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Perfectionism

DOI
10.4324/9780415249126-L070-2
Versions
Published
2021
DOI: 10.4324/9780415249126-L070-2
Version: v2,  Published online: 2021
Retrieved December 09, 2021, from https://www.rep.routledge.com/articles/thematic/perfectionism/v-2

Article Summary

In philosophy, unlike in everyday English, ‘perfectionism’ does not refer to a concern to get every detail right. It is the name of an ethical theory with deep roots in the Western philosophical tradition, one held by Plato, Aristotle, and many later philosophers including Aquinas, Leibniz, Marx, Nietzsche, Green, Rashdall, and Moore. It is centred on a conception of the human good that it tells us to promote, but it equates this good, not with a subjective state like pleasure or desire-fulfilment, but with objective goods that, historically, have included knowledge, moral virtue, aesthetic appreciation, and the achievement of difficult goals. Whereas theories that are perfectionist only in a broad sense just list these goods, perfectionism in a narrower sense grounds them in human nature: certain properties or capacities, it says, are fundamental to our shared human nature, and the human goods all develop this nature to a high degree. Some versions of the theory are formally egoistic, deriving all their directives from a foundational one to pursue our own perfection; they capture other-regarding duties by including the exercise of the moral virtues, including justice and benevolence, in each person’s good. Other versions give us just as basic a reason to promote others’ perfection as our own, and so capture other-regarding duties directly; they can still treat virtue as an intrinsic good. Perfectionism has sometimes been resisted because of a worry that, when applied to political questions, it is hostile to equality and liberty. While some versions of it have indeed been anti-egalitarian or illiberal, others have favoured material equality and the protection of individual freedom. Which line perfectionism takes depends in large part on which specific states it takes to be objectively good; if they include autonomy or self-direction, for example, that favours liberty.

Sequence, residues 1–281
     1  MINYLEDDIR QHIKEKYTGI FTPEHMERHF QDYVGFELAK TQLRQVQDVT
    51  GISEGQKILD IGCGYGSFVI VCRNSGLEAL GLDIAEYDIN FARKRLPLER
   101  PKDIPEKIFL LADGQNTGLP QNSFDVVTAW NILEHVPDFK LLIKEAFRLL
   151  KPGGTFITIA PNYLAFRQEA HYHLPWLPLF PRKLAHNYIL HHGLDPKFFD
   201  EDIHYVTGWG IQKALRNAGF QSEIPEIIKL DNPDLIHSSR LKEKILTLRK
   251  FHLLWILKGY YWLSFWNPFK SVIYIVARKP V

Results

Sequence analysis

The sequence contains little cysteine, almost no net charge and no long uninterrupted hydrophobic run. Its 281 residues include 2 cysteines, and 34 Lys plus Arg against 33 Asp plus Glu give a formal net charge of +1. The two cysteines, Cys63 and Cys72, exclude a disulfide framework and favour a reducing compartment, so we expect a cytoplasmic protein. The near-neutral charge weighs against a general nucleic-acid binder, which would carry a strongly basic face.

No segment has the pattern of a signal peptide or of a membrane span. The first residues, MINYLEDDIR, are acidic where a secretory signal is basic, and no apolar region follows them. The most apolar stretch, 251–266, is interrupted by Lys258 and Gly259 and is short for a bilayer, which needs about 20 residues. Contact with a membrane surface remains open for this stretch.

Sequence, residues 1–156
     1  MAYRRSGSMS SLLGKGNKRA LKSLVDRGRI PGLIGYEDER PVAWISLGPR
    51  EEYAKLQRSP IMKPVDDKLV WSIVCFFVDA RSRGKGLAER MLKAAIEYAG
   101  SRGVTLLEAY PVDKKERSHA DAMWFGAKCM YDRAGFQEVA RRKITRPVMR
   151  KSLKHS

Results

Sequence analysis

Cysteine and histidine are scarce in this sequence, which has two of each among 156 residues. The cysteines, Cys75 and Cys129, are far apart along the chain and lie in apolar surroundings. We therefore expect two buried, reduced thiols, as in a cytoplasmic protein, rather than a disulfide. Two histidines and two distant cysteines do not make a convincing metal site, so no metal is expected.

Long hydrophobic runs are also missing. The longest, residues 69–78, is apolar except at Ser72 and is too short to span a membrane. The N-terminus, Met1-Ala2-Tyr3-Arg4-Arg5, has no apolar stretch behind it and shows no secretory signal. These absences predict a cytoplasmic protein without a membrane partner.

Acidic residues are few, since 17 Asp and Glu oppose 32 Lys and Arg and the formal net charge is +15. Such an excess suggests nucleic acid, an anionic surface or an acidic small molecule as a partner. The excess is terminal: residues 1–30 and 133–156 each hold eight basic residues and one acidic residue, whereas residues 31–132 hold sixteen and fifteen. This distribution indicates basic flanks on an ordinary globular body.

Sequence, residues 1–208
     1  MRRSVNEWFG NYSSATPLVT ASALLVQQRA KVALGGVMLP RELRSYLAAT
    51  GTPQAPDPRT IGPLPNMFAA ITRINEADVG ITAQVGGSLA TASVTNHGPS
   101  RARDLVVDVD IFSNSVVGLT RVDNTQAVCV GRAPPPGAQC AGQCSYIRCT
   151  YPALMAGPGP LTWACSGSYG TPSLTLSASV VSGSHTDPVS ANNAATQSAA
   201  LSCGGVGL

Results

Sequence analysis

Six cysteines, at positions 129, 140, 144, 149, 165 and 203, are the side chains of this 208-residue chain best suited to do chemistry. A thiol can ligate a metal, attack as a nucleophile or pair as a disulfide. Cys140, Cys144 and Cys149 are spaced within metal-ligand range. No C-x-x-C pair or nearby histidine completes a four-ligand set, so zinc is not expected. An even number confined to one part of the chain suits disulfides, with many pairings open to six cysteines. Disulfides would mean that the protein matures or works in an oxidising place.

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Citing this article:
Hurka, Thomas. Perfectionism, 2021, doi:10.4324/9780415249126-L070-2. Routledge Encyclopedia of Philosophy, Taylor and Francis, https://www.rep.routledge.com/articles/thematic/perfectionism/v-2.
Copyright © 1998-2021 Routledge.

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